Sudanese Christians who have barely a month to leave the north or risk being treated as foreigners are starting to move, but Christian leaders are concerned that the 8 April deadline set by Islamic-majority Sudan is unrealistic.Refugee and human rights groups have criticized Khartoum's deadline, pointing out that many of the refugees displaced from the South have spent their entire lives in the Sudan and have a legitimate claim on Sudanese citizenship.
“We are very concerned. Moving is not easy. . . people have children in school. They have homes. . . It is almost impossible,” Roman Catholic Bishop Daniel Adwok, the Khartoum archdiocese auxiliary told ENInews in a telephone interview on 7 March.
Sudan in February announced the deadline for the former citizens it had stripped of nationality after South Sudan’s January 2011 vote to secede. The ultimatum will affect an estimated 500,000–700,000 people, who are mainly Christians of southern origin that still live in the north.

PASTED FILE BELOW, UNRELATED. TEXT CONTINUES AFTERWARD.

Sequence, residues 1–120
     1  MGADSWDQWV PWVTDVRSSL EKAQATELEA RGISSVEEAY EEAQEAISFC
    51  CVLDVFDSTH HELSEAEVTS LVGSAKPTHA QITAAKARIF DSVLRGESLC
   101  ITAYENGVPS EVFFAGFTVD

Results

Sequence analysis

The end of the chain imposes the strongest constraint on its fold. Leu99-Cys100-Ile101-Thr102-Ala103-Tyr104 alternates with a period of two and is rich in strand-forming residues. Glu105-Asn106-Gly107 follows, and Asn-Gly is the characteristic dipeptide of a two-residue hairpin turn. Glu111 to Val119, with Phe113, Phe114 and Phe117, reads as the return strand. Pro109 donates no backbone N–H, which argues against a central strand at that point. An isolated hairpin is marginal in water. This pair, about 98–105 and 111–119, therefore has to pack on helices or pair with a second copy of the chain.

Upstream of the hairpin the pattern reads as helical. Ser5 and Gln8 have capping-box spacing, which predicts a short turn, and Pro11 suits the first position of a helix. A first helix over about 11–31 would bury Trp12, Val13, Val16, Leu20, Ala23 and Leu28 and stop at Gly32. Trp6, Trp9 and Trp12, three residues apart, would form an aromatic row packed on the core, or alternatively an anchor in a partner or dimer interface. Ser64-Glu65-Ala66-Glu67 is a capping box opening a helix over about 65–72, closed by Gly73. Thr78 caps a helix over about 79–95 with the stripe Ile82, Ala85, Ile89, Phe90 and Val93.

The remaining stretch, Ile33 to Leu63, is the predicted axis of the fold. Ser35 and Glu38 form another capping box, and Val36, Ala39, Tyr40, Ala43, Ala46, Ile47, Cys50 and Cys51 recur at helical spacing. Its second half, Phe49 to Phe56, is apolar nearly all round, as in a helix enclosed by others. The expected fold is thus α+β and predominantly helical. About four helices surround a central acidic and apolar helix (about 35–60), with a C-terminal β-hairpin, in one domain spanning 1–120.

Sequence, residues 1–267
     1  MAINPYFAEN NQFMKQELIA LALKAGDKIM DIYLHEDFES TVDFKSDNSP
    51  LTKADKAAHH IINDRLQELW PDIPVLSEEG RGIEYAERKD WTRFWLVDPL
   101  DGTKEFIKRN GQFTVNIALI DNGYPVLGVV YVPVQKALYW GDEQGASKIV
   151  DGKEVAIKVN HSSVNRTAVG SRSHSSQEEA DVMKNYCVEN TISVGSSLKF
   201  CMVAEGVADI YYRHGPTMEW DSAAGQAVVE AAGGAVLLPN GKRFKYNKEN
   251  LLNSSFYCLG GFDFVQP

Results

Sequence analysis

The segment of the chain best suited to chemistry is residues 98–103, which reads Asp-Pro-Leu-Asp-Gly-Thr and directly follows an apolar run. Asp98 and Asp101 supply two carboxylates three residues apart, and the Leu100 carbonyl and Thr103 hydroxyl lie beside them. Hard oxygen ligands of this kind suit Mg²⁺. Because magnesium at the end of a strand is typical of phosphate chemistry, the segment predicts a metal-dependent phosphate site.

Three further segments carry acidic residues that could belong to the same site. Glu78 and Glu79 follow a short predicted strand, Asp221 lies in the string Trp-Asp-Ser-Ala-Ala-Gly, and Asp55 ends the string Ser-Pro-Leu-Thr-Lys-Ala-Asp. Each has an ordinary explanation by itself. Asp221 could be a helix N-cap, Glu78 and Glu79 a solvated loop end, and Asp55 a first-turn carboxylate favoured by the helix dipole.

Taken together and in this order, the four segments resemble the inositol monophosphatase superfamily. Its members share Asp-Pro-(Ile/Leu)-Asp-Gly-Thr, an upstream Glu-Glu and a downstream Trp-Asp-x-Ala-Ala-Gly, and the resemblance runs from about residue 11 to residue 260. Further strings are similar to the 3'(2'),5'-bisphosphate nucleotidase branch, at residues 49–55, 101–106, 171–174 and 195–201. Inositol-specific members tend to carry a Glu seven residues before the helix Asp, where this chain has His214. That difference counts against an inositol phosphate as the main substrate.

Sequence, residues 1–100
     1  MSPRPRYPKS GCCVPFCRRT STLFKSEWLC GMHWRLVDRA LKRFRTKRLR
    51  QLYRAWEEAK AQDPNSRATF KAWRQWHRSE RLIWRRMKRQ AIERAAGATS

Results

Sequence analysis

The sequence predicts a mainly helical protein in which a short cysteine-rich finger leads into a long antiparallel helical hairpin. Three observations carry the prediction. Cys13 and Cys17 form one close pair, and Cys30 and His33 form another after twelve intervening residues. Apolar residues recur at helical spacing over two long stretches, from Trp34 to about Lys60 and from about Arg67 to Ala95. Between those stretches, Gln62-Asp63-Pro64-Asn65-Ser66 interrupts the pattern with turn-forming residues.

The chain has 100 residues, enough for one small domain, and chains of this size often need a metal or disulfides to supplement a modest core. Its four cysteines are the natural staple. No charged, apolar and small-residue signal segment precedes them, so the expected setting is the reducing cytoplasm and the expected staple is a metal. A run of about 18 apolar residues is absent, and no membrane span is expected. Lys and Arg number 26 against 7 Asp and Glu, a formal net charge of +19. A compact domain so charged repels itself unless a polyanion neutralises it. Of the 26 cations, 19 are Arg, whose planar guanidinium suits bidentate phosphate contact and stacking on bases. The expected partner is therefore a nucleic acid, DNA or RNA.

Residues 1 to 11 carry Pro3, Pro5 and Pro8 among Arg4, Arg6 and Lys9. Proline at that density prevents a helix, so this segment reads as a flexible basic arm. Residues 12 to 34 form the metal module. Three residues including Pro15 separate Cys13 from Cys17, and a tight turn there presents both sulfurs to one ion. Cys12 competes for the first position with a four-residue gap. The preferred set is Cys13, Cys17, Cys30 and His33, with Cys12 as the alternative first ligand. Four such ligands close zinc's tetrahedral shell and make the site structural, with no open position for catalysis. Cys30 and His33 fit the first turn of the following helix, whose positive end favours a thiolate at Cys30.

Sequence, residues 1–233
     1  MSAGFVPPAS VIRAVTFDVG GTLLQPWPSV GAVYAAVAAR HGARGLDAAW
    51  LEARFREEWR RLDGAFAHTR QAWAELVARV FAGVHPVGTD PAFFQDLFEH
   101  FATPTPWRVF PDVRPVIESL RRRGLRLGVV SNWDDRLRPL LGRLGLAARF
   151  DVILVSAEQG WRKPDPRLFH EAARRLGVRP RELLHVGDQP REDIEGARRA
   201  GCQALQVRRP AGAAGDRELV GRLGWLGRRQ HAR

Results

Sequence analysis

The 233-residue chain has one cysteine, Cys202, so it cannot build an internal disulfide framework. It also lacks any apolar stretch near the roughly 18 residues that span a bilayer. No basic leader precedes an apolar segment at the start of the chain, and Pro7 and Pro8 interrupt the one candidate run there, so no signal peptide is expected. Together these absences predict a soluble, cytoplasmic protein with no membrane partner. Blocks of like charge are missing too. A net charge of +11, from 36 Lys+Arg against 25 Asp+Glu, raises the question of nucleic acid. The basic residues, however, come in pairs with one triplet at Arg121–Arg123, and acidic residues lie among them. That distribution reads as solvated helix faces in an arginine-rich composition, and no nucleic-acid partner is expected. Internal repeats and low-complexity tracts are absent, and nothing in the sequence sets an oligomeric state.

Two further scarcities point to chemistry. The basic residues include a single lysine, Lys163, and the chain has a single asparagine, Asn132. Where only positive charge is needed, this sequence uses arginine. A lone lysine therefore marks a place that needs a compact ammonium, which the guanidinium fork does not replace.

Many of them fled north during the long civil war fought between the Government of Sudan and the former rebels, the Sudan People’s Liberation Movement. They have lived there for decades together with children who were born there. Few have ties with South Sudan.
After a 2011 referendum, the predominantly Christian South Sudan voted to split from the Islamic north after more than 15 years of civil war. The oil-rich but war-torn and landlocked South Sudan became indepenent from the north in July 2011.
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